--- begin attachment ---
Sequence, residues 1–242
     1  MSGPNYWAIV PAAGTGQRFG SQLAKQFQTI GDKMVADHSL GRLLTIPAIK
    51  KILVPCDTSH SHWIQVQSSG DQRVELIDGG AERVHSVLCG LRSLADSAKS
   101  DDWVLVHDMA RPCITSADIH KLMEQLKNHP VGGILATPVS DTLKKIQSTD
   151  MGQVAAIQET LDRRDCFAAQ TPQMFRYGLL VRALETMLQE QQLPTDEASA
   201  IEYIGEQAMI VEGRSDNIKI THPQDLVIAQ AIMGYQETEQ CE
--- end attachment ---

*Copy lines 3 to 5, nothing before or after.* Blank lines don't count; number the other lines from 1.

    51  KILVPCDTSH SHWIQVQSSG DQRVELIDGG AERVHSVLCG LRSLADSAKS
   101  DDWVLVHDMA RPCITSADIH KLMEQLKNHP VGGILATPVS DTLKKIQSTD
   151  MGQVAAIQET LDRRDCFAAQ TPQMFRYGLL VRALETMLQE QQLPTDEASA